Essentially the Gaia Hypothesis holds that the biosphere of the Earth functions as a single unit, and that it regulates itself for the benefit of the unit and not for it's parts. This is in accordance with homeostasis in that the biosphere is very regulatory. If there are too many predators and not enough prey, for example, starvation ensues.
Assuming that the Gaia Hypothesis is true and agreeing that the biosphere does indeed bring pressure to bear for expansion, one reaches the following conclusion: The goal (destiny, process, nature, purpose) of the life is expansion and the biosphere will regulate itself in a manner which only serves to support this goal. This theory has rather baffling conclusions; the biosphere, under these assumptions, would regulate every factor within it's power in order to achieve expansion, from predator prey relationships, to extinctions, to climate, to evolution itself.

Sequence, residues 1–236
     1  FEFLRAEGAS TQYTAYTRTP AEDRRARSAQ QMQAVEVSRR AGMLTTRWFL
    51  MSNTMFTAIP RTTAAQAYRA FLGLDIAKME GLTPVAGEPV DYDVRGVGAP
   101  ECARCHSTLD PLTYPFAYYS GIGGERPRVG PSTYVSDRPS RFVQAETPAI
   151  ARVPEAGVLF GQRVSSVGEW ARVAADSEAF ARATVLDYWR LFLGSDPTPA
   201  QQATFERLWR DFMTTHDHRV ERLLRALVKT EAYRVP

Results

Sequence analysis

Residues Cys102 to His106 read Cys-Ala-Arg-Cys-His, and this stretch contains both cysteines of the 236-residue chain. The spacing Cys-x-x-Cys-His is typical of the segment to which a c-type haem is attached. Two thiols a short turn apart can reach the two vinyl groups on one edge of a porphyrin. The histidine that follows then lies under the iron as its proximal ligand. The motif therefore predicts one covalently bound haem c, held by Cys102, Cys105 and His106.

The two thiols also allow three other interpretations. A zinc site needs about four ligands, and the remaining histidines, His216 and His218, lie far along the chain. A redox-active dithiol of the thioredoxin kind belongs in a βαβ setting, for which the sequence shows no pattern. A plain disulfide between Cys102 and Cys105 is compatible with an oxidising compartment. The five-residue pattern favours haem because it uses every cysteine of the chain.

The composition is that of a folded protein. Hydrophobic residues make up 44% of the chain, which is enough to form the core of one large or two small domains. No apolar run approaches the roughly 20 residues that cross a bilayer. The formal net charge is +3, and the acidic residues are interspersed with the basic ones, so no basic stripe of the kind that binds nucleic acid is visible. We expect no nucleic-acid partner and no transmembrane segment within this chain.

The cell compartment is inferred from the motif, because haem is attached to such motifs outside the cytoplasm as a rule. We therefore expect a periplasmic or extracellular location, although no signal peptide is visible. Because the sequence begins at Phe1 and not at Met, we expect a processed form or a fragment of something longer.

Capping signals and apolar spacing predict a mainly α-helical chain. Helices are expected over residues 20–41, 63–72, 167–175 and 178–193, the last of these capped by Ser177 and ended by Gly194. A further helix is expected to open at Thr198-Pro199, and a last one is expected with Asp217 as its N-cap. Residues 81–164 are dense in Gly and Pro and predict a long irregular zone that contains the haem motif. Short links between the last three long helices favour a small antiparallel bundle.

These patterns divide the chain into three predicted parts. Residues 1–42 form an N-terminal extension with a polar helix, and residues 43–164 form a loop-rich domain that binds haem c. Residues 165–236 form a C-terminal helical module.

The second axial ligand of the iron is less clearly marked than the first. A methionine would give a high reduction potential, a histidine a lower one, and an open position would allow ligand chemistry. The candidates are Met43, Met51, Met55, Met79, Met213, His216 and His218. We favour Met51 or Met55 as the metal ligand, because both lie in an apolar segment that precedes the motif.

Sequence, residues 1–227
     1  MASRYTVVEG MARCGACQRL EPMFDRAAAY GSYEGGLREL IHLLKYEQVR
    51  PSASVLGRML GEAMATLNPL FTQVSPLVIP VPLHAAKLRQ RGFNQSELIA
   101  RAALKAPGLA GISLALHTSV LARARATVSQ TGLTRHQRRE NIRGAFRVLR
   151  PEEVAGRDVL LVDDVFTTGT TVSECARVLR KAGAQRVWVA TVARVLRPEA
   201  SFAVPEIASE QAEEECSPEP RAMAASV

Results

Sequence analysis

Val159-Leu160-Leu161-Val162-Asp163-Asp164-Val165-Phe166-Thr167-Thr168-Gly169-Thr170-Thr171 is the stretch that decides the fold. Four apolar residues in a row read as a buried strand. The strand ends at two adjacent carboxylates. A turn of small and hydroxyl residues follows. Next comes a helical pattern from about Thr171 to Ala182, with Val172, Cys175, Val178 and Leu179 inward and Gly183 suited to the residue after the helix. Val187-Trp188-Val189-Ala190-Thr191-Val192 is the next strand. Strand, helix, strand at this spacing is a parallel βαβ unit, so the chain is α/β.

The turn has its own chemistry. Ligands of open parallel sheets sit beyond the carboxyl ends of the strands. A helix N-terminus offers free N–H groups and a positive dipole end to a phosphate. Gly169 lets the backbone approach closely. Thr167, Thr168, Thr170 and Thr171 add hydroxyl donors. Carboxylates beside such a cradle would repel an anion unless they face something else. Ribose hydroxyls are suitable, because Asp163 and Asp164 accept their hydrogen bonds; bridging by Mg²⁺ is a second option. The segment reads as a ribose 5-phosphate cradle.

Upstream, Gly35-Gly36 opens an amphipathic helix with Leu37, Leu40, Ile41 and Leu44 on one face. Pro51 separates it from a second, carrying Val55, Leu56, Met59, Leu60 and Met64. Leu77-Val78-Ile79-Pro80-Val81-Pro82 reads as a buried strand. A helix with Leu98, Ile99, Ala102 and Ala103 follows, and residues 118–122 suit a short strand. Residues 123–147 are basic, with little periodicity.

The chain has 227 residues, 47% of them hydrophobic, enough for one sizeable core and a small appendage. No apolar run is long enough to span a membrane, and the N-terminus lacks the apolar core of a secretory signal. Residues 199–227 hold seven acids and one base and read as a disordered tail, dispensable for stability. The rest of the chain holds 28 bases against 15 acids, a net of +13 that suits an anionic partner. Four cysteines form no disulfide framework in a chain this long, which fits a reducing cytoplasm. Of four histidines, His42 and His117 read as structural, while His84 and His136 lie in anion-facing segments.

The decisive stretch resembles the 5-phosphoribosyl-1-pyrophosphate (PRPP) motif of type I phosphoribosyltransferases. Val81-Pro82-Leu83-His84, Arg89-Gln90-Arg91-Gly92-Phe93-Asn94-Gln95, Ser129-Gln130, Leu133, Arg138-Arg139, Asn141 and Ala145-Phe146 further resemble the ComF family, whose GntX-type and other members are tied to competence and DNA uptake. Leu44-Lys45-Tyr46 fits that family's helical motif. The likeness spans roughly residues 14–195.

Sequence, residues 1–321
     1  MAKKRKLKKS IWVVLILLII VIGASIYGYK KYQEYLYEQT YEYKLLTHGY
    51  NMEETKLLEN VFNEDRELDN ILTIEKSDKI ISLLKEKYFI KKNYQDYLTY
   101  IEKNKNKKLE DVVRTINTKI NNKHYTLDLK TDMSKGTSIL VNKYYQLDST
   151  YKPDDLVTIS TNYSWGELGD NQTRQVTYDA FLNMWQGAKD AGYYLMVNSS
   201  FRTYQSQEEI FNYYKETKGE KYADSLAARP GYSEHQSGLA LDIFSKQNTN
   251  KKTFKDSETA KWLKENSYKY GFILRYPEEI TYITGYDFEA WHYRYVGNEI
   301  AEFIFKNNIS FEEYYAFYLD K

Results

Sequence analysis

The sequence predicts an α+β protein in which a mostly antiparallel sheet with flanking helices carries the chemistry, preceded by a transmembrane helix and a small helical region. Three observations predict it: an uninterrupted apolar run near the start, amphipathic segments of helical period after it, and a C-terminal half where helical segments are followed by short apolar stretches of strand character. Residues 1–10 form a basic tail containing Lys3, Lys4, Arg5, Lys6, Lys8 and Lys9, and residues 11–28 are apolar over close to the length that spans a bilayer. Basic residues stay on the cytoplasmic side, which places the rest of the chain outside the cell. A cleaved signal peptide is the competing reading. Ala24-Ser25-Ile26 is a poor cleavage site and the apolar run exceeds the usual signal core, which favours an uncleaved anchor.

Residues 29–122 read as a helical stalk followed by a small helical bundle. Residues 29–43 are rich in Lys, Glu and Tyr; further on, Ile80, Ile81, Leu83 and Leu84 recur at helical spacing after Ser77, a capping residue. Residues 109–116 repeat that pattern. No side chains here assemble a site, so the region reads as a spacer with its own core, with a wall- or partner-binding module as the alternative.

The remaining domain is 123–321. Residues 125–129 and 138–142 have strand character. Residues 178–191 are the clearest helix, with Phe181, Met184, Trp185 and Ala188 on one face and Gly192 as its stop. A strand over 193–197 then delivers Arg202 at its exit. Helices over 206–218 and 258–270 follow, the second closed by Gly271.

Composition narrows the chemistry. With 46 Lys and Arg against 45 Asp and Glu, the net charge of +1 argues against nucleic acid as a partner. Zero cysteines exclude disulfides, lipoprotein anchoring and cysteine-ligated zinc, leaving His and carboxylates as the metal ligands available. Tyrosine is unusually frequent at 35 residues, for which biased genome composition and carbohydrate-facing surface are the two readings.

Realize I am not implying any consciousness extant within the biosphere unit (which was one of the aspects of the original hypothesis), I do not see any evidence for that. Self regulation of the system is a product of natural laws, as is the process of expansion. The process of regulation to achieve the state of expansion which the biosphere undergoes is subject only to natural law.
Why does life expand? It expands to survive. The survival of the biosphere is paramount to all other processes. If life forms were to stay in one area, they would run a much higher risk of being eliminated completely by several random factors such as famine, disease, or natural disasters. Instead, life spreads itself about. The more area life covers, the less it is prone to being completely obliterated. Some species do indeed become extinct, but this is generally due to the biosphere regulating itself. If a species does not play it's part in the natural processes which develop the entire system, or the species has completed it's term of usefulness the biosphere takes measures to eliminate it. This is somewhat analogous to a human having an appendix removed.